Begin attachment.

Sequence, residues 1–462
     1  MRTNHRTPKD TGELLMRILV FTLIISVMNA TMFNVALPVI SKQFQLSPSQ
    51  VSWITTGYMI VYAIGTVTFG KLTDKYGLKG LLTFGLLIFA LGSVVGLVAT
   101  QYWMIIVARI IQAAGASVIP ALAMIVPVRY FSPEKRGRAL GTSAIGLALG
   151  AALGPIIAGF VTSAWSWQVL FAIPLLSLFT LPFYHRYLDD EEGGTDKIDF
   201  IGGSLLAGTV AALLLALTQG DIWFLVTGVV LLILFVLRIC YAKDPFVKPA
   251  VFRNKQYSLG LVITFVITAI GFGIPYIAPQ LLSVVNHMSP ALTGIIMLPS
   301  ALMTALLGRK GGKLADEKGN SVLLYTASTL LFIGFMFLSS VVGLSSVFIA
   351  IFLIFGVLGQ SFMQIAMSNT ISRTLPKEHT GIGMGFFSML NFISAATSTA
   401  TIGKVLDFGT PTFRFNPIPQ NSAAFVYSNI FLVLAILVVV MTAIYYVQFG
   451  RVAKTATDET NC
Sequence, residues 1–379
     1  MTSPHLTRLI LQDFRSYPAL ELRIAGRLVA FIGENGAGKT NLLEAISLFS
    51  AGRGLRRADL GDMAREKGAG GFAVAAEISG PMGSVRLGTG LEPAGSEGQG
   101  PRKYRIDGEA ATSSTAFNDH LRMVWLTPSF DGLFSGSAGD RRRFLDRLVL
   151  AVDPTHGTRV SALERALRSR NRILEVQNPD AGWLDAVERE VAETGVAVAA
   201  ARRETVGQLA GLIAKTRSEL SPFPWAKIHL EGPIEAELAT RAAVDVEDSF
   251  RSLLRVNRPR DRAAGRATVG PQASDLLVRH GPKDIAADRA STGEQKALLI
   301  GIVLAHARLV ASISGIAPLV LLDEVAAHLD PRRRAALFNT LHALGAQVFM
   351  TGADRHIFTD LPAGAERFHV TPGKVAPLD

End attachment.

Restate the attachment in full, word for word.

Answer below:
Sequence, residues 1–462
     1  MRTNHRTPKD TGELLMRILV FTLIISVMNA TMFNVALPVI SKQFQLSPSQ
    51  VSWITTGYMI VYAIGTVTFG KLTDKYGLKG LLTFGLLIFA LGSVVGLVAT
   101  QYWMIIVARI IQAAGASVIP ALAMIVPVRY FSPEKRGRAL GTSAIGLALG
   151  AALGPIIAGF VTSAWSWQVL FAIPLLSLFT LPFYHRYLDD EEGGTDKIDF
   201  IGGSLLAGTV AALLLALTQG DIWFLVTGVV LLILFVLRIC YAKDPFVKPA
   251  VFRNKQYSLG LVITFVITAI GFGIPYIAPQ LLSVVNHMSP ALTGIIMLPS
   301  ALMTALLGRK GGKLADEKGN SVLLYTASTL LFIGFMFLSS VVGLSSVFIA
   351  IFLIFGVLGQ SFMQIAMSNT ISRTLPKEHT GIGMGFFSML NFISAATSTA
   401  TIGKVLDFGT PTFRFNPIPQ NSAAFVYSNI FLVLAILVVV MTAIYYVQFG
   451  RVAKTATDET NC
Sequence, residues 1–379
     1  MTSPHLTRLI LQDFRSYPAL ELRIAGRLVA FIGENGAGKT NLLEAISLFS
    51  AGRGLRRADL GDMAREKGAG GFAVAAEISG PMGSVRLGTG LEPAGSEGQG
   101  PRKYRIDGEA ATSSTAFNDH LRMVWLTPSF DGLFSGSAGD RRRFLDRLVL
   151  AVDPTHGTRV SALERALRSR NRILEVQNPD AGWLDAVERE VAETGVAVAA
   201  ARRETVGQLA GLIAKTRSEL SPFPWAKIHL EGPIEAELAT RAAVDVEDSF
   251  RSLLRVNRPR DRAAGRATVG PQASDLLVRH GPKDIAADRA STGEQKALLI
   301  GIVLAHARLV ASISGIAPLV LLDEVAAHLD PRRRAALFNT LHALGAQVFM
   351  TGADRHIFTD LPAGAERFHV TPGKVAPLD